Far too many people pursue auto accident claims without having a basic understanding of how auto accident cases work in South Carolina. In our years of representing victims of South Carolina auto accidents, we’ve learned that most people really aren’t aware of the importance of being able to prove negligence, how comparative negligence might apply to their claims, or what the statute of limitations is for their claim. Many of our clients also have questions about contingency fees, and whether or not their case has to go to court in order to be awarded compensation, or if it will go to court just because they hire an attorney.
There are a lot of people who are under the misguided impression that you only hire an attorney when you’re planning to go to court or that an attorney will take the majority of any settlement they recover. At The Jeffcoat Firm, we understand the importance of ensuring that our clients (and the public) are well informed about South Carolina auto accident claims before they attempt to pursue one.
We can accomplish this by covering some of the most common questions and basic information and by answering your more specific questions in a free consultation. If you’ve been injured in an auto accident, read on to learn more; then, contact us to schedule your free consultation to find out more about how the law applies to your own case.
How Can You Prove Negligence in a South Carolina Auto Accident?
In order to prove negligence in any personal injury claim (including auto accident injury claims), you have to prove certain elements of your case. For a someone to be negligent, they must first owe you a duty of care in the given situation. In an auto accident case, this is generally an easy thing to prove, because everyone who shares the road owes a duty of care to all of the people that they share it with. This includes other drivers, pedestrians, bicyclists, and motorcyclists.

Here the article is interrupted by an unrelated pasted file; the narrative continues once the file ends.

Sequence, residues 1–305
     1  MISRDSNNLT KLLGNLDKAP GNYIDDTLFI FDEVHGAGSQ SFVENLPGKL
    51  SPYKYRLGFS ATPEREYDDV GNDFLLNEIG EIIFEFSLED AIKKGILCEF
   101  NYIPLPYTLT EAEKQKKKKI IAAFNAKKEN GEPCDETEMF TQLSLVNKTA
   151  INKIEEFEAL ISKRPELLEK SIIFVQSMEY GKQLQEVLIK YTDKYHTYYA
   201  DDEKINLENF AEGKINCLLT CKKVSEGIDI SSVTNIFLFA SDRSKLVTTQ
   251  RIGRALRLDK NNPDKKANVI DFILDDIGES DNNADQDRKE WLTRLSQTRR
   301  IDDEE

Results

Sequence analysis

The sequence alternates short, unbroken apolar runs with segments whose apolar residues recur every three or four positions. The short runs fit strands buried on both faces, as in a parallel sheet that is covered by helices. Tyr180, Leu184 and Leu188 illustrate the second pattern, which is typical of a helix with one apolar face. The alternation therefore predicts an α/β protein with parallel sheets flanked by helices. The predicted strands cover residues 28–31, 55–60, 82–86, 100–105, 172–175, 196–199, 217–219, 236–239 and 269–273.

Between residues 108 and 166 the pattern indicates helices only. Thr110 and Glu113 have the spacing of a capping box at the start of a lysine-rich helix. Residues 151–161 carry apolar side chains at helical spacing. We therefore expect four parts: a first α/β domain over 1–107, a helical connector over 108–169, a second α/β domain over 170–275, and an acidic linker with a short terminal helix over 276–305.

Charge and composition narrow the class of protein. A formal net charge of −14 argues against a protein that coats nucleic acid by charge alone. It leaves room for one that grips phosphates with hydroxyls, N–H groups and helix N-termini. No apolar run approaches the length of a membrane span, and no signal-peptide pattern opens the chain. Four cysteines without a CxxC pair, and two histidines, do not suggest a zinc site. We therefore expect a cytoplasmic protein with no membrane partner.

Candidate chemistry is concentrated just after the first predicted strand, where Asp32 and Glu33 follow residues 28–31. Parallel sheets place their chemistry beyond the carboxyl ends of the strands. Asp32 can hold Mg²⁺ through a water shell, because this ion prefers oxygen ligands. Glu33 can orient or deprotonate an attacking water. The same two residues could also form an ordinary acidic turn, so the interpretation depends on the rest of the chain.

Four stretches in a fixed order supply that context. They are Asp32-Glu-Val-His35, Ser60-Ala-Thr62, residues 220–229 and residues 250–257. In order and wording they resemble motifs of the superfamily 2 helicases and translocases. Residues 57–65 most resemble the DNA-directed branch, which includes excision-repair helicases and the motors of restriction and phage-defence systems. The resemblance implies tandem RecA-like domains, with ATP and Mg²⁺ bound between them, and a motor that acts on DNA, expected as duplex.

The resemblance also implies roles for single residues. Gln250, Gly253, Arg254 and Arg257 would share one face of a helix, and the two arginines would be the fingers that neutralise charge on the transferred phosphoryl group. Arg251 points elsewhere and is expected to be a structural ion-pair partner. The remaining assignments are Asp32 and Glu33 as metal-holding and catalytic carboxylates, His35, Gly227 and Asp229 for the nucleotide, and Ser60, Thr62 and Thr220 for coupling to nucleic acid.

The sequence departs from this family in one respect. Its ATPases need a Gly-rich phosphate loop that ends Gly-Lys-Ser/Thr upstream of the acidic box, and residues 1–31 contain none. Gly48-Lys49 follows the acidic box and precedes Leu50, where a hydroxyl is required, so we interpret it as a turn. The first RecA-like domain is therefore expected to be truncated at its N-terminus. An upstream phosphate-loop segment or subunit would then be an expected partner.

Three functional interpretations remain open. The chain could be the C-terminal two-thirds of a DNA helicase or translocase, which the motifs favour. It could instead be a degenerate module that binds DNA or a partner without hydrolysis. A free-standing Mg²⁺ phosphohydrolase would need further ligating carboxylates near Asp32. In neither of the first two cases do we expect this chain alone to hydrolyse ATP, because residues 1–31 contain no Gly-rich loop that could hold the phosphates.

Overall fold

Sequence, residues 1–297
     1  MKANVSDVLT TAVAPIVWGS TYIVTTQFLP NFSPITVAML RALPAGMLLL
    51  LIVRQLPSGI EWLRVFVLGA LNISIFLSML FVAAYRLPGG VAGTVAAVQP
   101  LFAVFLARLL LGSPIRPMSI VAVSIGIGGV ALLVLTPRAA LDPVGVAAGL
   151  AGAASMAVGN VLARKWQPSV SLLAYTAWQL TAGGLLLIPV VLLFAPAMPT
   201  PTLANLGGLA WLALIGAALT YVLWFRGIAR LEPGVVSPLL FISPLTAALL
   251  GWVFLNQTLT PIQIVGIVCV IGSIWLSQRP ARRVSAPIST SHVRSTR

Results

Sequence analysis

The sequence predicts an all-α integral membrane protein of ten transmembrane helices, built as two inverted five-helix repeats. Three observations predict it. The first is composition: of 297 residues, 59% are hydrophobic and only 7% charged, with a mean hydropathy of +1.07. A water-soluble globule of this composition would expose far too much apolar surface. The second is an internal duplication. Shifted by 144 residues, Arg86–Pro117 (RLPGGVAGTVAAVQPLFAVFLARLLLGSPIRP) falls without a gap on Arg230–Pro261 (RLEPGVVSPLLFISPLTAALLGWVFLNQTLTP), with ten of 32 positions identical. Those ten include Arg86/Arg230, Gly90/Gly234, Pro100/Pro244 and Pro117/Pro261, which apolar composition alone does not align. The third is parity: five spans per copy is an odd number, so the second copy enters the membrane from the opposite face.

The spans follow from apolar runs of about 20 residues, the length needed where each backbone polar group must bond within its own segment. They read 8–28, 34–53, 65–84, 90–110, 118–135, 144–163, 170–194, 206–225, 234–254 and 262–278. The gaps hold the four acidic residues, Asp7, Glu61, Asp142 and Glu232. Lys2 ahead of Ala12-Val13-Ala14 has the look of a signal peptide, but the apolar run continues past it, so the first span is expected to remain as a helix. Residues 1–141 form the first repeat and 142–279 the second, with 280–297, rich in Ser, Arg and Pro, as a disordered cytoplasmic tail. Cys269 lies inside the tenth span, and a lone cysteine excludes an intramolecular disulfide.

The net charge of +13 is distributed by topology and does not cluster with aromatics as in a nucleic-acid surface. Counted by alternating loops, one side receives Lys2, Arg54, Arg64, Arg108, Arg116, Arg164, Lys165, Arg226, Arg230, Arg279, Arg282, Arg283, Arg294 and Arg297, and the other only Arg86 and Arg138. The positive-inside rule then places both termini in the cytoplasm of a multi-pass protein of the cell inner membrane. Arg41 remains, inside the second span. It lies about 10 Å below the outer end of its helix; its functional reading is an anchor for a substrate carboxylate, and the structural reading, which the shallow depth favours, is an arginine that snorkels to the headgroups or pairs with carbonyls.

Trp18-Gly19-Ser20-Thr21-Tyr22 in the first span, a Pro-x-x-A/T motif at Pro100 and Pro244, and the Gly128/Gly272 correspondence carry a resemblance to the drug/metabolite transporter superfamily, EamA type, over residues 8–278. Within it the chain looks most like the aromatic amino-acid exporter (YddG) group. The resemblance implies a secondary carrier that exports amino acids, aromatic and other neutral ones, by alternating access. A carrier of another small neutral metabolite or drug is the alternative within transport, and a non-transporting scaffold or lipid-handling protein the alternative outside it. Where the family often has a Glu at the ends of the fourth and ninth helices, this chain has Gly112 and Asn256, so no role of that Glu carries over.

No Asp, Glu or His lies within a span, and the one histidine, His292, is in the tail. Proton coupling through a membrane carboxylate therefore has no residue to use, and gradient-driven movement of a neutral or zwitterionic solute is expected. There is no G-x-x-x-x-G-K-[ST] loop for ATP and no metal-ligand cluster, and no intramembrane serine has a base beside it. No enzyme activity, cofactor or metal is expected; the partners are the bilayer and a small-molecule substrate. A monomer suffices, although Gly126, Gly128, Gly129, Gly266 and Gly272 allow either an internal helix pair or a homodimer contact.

The next thing is to prove that the duty of care was breached or violated. The duty of care that another motorist owes you is to drive safely and cautiously, while obeying the rules of the road. If a driver behaved in an unsafe, incautious, or unlawful manner – or if the driver failed to behave in a manner appropriate to the situation – and if you can prove this, then you can establish that the duty of care was violated.
Yet, this is not the last step in proving negligence. Even if a driver owed you a duty of care and breached that duty, they cannot be found to be negligent in your case unless their failure to uphold their duty of care is what actually caused the accident. Even then, you must still prove that this negligence caused your injuries and damages.
If you can prove all of these elements, then you should have little trouble recovering compensation for your injuries. At this point, it becomes a matter of proving what your injuries and damages are worth and obtaining the maximum compensation.
What Happens if You Are Partially At Fault for the Auto Accident?